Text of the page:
The big data revolution can offer us analytical tools that previous researchers only dreamed of. But data alone is not enough. As Carmen Reinhart and Kenneth Rogoff, and now Thomas Piketty, demonstrate, transparency of method is just as critical.

In “A Critique of Reinhart and Rogoff”, the paper that first questioned the conclusion of the pair’s 2010 work, “Growth in a Time of Debt”, authors Thomas Herndon, Michael Ash and Robert Pollin claimed to have discovered that “coding errors, selective exclusion of available data and unconventional weighting of summary statistics lead to serious errors that inaccurately represent the relationship between public debt and GDP growth”.

One of the clearest problems identified were mistakes made when data was input into spreadsheets. These errors meant that five countries were excluded from the analysis and, along with other coding errors, caused the authors to underestimate average growth rates for heavily indebted countries and overestimate growth for the least indebted.

However, coding errors account for only a small percentage of the overall result (and were accepted by Reinhart and Rogoff as mistakes). Instead, the disagreement between the conclusions of the two papers stems largely from correcting for Reinhart and Rogoff’s “selective exclusion of available data, and unconventional weighting of summary statistics”. That is, the major question posed by Herndon, Ash and Pollin was over the methodology of the original paper, not just the data.

This brings us to the current controversy surrounding French economist Thomas Piketty and his new book, Capital in the Twenty-First Century. After digging into the data that Piketty has laudably placed online, the Financial Times discovered what it claimed were “unexplained data entries and errors in the figures underlying some of the book’s key charts”. These were sufficiently serious in the eyes of Chris Giles, the FT’s economics editor, as to undermine the central claim of the book that the portion of wealth owned by the richest in society has been inexorably growing.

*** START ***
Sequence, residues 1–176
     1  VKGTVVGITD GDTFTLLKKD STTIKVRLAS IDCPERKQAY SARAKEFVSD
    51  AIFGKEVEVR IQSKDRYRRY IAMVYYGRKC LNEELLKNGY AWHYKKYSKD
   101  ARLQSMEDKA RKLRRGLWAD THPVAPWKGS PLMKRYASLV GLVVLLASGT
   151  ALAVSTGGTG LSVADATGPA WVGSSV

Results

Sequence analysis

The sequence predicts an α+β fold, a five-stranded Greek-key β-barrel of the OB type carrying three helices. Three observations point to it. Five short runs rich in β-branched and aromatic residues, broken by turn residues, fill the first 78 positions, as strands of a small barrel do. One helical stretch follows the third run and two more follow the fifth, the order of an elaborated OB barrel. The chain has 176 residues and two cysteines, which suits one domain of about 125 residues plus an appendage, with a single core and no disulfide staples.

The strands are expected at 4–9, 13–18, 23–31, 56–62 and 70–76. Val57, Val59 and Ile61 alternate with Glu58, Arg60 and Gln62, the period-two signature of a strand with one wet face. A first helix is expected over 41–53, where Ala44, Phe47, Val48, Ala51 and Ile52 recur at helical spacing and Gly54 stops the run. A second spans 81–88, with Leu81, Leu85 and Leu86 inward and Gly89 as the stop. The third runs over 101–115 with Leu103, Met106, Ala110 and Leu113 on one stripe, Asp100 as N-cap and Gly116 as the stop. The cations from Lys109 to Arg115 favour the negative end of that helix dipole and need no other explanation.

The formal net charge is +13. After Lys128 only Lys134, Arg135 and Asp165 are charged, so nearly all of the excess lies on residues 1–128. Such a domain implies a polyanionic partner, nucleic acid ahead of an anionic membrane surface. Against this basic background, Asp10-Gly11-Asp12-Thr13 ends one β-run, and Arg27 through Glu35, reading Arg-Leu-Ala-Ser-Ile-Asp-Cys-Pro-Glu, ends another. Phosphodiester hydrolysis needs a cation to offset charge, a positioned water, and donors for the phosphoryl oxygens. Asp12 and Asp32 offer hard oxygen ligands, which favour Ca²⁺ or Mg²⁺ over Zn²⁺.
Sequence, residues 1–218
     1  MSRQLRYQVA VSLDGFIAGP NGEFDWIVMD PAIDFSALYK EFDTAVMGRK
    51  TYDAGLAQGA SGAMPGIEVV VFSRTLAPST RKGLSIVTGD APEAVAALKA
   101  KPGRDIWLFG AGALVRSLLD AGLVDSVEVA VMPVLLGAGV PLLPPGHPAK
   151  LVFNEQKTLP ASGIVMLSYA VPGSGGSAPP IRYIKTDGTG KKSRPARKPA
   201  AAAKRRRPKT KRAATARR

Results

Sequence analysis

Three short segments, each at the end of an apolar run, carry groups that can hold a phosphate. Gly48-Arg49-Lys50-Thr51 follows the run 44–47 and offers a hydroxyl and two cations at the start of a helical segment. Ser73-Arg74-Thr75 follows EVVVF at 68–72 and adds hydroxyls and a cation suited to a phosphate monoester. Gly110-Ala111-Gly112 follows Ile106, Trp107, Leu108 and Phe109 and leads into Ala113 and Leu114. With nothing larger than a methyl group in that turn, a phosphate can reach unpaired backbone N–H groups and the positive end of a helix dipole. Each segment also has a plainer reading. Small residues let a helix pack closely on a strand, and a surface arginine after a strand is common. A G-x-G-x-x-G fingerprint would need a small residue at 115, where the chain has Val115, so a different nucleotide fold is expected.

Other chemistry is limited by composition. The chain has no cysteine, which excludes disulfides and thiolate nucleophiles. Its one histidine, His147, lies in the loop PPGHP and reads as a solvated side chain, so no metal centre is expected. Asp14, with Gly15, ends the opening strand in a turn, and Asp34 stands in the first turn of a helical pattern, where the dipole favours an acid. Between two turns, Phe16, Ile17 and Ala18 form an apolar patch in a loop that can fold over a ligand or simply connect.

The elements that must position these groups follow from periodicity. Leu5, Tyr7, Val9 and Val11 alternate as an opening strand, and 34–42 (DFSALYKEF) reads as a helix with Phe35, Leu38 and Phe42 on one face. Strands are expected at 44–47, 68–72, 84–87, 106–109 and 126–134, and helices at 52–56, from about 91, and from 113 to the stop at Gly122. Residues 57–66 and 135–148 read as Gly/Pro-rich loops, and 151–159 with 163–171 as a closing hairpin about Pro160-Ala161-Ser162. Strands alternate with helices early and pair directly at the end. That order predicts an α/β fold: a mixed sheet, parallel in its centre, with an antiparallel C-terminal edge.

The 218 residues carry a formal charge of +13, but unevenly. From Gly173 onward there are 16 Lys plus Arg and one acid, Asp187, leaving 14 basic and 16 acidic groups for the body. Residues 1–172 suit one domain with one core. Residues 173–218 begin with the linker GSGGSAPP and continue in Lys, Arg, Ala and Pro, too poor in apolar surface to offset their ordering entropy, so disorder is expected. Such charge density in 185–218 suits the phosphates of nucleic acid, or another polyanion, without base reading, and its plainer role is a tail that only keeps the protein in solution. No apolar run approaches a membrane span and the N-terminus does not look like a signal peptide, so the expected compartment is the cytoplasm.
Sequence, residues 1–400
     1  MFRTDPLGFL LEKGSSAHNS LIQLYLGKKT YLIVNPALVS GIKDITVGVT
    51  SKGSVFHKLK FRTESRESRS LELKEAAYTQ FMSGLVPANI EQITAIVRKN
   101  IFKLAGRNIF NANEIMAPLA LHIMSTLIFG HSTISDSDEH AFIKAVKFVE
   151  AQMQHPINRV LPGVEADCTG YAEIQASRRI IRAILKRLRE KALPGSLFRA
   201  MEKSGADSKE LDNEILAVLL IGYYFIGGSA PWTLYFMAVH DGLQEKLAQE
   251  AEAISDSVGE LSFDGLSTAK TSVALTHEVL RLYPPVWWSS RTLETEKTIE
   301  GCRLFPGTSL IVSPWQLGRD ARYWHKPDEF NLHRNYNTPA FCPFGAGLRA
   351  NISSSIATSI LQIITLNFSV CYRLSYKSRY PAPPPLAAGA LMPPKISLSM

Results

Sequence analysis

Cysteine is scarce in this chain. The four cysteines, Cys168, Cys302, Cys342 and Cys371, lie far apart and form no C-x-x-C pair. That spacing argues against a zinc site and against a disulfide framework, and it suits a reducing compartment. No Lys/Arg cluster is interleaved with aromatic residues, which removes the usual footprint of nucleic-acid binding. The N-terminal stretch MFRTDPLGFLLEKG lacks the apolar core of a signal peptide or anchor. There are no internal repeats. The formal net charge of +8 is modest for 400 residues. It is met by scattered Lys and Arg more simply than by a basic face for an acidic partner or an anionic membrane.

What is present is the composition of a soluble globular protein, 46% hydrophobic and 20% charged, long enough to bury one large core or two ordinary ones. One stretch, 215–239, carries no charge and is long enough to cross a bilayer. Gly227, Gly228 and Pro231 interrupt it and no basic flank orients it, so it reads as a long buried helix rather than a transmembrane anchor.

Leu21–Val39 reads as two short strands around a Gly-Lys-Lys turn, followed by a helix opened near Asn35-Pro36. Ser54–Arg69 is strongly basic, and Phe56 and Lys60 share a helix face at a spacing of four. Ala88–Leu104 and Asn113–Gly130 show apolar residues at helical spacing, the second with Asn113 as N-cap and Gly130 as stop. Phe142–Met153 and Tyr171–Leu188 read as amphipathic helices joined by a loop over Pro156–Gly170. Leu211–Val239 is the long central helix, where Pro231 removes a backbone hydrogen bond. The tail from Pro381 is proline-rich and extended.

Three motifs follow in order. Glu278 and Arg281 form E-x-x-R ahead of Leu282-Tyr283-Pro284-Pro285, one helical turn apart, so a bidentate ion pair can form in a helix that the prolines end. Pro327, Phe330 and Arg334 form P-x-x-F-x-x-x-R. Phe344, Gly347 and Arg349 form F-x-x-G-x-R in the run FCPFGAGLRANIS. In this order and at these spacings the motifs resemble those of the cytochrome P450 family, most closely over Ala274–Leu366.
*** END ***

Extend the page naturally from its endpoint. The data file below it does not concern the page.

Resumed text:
In a similar fashion to the Reinhart/Rogoff incident, problems were discovered with the data that had been inputted by Piketty and his researchers. Yet also akin to the previous incident, the transcription errors alone do not account for the bulk of the alleged flaws discovered by the FT. Instead, these are a consequence of methodological disagreements relating to “unexplained alterations of the original source data” and inconsistent weightings.

Unsurprisingly, just as in the previous case, the author and his supporters vehemently deny the accusations levelled at the book. Firstly, Piketty argues that the adjustments to the data were necessary in order to maintain consistency over time and across countries. And, secondly (unlike in the Reinhart/Rogoff example) the alleged flaws discovered in the analysis fail to disprove the overall trend of rising wealth inequality.

Whatever your view on the veracity of these claims and counter-claims, what both cases show is that failing to make clear the assumptions and adjustments that underpin your methodology leaves your results open to this type of criticism. Even if there is a compelling rationale for having made adjustments to the underlying data, the absence of an explanation can easily lead people to assume nefarious motives where none may exist.

Understanding how the data has been selected and collated is critical for those wishing to replicate the results – a practice that not only helps to clean up any mistakes but can also make the final conclusions more robust. It also lets readers know why certain decisions have been taken, so that they can gain a deeper understanding of the argument.

To that extent, Piketty, Reinhart and Rogoff are at fault for assuming that the route they took in doing their research mattered less than the results. This fault, however, is not theirs alone. If we are to embrace the potential of big data, we must move beyond simply opening up our spreadsheets to scrutiny. The lesson here is clear: it is only when we reveal the choices we make in selecting data that transparency can become accountability.

Author: Tomas Hirst works for the digital team of the World Economic Forum.

Image: An illustration picture shows a projection of binary code around the shadow of a man holding a laptop computer in an office in Warsaw June 24, 2013. REUTERS/Kacper Pempel